Encephalitis is a severe inflammatory neurological disorder that affects the brain. Encephalitis occurs for two reasons: (a) infection attacking the brain, or (b) a person’s own immune system attacking the brain in error. These occurrences are known respectively as infectious encephalitis (where encephalitis is predominantly caused by exposure to one or more viral agents) and autoimmune encephalitis (where various facets of the immune system wrongly attack brain tissue akin to an autoimmune reaction or disease).
Autoimmune encephalitis (AE) (49) covers a group of conditions, the most common being Acute Demyelinating Encephalomyelitis (ADEM), LGI1/CASPR2-antibody encephalitis and anti-N-methyl-D-aspartate (anti-NMDA) receptor encephalitis. All types of AE are classed as rare with an estimated incidence of 5–10 per 100,000 people per year. Onset is typically acute and sudden, characterised by a prodromal phase, with symptoms appearing after an illness that includes fever, malaise and headache which mirrors something like influenza. Various symptoms follow affecting behaviour, cognition and neurology, usually within 3 months. Symptoms include seizures, hallucinations and associated symptoms affecting responsiveness and consciousness representative of an altered mental state, communication and memory issues, sleeping issues and the presence of abnormal movements (including dystonia and akinesia) which may or may not be repetitive and/or stereotypical in nature. Following appropriate diagnosis and instigation of a treatment regime, many people make a good recovery from AE, albeit with some heightened risk for relapse and, for some, sustained symptoms in the longer term.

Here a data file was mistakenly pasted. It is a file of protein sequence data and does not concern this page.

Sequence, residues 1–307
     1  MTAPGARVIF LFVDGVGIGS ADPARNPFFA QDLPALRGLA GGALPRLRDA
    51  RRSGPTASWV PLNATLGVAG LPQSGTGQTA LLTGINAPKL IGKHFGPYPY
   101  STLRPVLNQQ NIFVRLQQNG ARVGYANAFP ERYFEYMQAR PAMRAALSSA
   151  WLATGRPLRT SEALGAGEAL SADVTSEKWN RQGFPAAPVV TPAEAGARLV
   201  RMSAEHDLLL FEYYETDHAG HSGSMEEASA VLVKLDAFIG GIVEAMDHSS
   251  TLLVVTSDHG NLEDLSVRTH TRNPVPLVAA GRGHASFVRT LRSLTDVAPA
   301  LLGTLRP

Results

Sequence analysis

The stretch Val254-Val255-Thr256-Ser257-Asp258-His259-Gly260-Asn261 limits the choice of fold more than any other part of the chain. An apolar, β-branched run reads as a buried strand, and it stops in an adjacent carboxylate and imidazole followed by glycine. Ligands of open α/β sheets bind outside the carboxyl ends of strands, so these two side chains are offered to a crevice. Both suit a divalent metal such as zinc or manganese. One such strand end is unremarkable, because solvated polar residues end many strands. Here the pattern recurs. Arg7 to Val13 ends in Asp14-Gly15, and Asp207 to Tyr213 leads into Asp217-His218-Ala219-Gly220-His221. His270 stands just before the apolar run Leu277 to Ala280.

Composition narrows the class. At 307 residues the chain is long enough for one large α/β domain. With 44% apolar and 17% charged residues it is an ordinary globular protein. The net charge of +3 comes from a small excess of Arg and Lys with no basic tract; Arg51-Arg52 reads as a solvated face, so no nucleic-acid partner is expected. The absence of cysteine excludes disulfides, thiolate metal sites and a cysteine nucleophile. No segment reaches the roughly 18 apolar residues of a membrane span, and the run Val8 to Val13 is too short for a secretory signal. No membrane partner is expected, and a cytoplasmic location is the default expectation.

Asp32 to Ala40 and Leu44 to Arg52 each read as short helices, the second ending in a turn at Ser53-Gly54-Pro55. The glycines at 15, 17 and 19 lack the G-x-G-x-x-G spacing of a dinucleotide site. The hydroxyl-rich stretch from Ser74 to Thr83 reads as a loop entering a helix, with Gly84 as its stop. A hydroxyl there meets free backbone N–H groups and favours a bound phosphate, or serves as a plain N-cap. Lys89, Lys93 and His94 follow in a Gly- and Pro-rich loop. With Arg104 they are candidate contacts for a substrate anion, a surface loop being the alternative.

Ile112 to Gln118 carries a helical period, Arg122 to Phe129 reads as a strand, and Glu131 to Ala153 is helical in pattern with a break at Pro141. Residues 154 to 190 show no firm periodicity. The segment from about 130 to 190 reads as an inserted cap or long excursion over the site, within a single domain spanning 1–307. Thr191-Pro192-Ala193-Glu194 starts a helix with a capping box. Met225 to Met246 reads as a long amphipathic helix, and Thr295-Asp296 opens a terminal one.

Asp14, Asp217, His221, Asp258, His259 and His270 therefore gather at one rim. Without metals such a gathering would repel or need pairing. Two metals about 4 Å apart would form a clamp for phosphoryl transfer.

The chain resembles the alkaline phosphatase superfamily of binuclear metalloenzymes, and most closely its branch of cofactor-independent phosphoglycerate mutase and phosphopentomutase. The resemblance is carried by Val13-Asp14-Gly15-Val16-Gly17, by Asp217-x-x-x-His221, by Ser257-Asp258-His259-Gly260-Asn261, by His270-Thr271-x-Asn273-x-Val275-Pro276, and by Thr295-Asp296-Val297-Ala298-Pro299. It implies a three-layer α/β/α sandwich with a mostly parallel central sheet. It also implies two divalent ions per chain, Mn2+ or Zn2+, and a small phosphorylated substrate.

Identification and Diagnosis